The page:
Repeat this process for both your application (producer and consumer)

 

cd <project_folder> //where you unzipped the source code  
git init  
git remote add origin <developer_cloud_git_repo>  
//e.g. https://john.doe@developer.us.oraclecloud.com/developer007-foodomain/s/developer007-foodomain-project_2009/scm/sample.git//john.doe@developer.us.oraclecloud.com/developer007-foodomain/s/developer007-foodomain-project_2009/scm/sample.git   
git add .  
git commit -m "first commit"  
git push -u origin master  //Please enter the password for your Oracle Developer Cloud account when prompted

 

 

Configure build job

Repeat this process for both your application (producer and consumer)

 

Create a New Job

 

 

Basic Configuration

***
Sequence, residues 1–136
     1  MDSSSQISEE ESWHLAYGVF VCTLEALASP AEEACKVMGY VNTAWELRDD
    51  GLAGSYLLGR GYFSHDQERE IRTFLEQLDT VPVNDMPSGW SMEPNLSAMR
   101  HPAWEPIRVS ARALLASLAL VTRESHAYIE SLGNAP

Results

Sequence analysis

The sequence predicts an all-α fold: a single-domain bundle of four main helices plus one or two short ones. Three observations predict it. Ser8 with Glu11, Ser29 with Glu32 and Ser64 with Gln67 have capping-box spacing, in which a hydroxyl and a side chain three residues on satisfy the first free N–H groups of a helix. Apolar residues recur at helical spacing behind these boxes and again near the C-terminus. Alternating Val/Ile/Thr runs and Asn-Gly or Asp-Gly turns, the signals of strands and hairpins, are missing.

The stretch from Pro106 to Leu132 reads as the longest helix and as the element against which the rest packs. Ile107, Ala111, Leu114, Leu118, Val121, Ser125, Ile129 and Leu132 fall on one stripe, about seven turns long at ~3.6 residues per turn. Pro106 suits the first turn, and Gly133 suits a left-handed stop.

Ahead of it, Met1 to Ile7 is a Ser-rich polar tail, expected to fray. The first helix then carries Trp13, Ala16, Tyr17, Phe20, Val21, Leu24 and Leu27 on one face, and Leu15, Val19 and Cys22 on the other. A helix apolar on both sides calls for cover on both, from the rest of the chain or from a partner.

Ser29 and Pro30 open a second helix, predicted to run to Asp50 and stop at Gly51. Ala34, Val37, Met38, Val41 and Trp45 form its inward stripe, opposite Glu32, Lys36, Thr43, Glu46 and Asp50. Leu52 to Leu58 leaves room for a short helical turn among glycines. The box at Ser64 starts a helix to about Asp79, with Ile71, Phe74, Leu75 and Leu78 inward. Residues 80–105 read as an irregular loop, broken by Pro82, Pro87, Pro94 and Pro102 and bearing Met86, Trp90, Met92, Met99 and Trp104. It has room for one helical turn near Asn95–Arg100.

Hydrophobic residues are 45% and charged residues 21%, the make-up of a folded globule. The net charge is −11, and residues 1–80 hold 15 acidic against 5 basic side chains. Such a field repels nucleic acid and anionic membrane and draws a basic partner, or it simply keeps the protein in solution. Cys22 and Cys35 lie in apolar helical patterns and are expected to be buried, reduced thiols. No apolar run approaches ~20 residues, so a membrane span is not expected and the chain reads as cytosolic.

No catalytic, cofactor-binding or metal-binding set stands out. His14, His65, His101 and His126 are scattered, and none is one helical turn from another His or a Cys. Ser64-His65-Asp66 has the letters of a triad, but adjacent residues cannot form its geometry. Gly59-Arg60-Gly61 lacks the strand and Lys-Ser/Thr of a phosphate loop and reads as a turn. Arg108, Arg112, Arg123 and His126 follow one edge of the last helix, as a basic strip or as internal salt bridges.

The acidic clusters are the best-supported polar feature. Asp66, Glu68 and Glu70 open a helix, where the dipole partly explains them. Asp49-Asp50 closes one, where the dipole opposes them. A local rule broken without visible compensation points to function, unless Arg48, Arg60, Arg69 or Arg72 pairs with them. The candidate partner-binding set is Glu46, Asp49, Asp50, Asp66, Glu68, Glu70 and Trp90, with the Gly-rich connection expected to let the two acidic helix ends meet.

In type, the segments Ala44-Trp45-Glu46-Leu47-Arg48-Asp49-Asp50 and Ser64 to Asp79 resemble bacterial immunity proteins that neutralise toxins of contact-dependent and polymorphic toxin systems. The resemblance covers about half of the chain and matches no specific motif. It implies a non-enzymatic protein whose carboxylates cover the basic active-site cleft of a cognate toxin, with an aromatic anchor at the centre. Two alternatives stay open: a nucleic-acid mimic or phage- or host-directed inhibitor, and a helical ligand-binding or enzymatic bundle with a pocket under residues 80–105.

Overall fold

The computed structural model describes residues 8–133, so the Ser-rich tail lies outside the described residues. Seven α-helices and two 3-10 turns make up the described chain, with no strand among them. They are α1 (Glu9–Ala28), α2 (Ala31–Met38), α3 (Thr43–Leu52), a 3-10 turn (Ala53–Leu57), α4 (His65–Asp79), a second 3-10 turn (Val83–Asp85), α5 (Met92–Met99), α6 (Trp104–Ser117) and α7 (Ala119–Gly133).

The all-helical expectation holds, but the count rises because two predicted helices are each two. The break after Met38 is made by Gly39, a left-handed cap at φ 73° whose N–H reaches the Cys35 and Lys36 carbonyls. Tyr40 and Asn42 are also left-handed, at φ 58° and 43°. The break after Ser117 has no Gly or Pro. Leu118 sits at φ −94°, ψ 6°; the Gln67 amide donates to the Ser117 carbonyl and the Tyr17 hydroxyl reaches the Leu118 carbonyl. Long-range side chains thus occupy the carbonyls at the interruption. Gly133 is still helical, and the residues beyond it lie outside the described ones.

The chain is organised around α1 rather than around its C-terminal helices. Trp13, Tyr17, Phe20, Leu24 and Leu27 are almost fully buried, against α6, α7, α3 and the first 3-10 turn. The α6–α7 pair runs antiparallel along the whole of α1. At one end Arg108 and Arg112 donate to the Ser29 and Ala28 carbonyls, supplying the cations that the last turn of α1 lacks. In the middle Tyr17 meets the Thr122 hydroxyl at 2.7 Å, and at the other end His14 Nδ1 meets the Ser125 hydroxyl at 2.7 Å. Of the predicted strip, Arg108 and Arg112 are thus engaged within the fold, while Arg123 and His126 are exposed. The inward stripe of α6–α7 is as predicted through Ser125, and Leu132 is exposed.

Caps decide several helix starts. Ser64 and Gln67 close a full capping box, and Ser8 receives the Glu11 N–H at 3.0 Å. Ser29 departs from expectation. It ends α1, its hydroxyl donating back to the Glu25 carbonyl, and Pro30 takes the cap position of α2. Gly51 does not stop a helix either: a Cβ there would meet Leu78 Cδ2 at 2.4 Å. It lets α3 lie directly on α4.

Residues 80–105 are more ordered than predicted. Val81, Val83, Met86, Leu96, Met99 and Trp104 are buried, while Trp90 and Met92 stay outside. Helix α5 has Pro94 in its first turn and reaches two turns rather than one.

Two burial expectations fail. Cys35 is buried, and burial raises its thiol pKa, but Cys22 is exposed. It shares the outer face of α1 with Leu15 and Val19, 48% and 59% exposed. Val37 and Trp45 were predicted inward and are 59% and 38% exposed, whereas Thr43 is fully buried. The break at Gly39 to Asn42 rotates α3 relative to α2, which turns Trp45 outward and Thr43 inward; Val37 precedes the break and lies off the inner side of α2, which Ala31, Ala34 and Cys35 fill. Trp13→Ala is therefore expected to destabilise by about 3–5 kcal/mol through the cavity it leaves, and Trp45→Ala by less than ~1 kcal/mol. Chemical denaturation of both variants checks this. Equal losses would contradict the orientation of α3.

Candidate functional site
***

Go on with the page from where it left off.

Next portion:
Select JDK

 

 

Source Control

 

Choose Git repository

 

 

Build Trigger (Continuous Integration)

 

Set build trigger - this build job will be triggered in response to updated within the Git repository (e.g. via git push)

 

 

Build steps

 

A Maven Build step – to produce the ZIP file to be deployed to Application Container Cloud

 

 

Post-Build actions

 

Activate a post build action to archive the zip file

 

 

   

 

Execute Build

 

Before configuring deployment, we need to trigger the build in order to produce the artifacts which can be referenced by the deployment configuration

 

 

 

After the build is complete, you can check the archived artifacts

 

 

 

Continuous Deployment (CD) to Application Container Cloud

 

Repeat this process for both your application (producer and consumer)

 

Create a New Configuration for deployment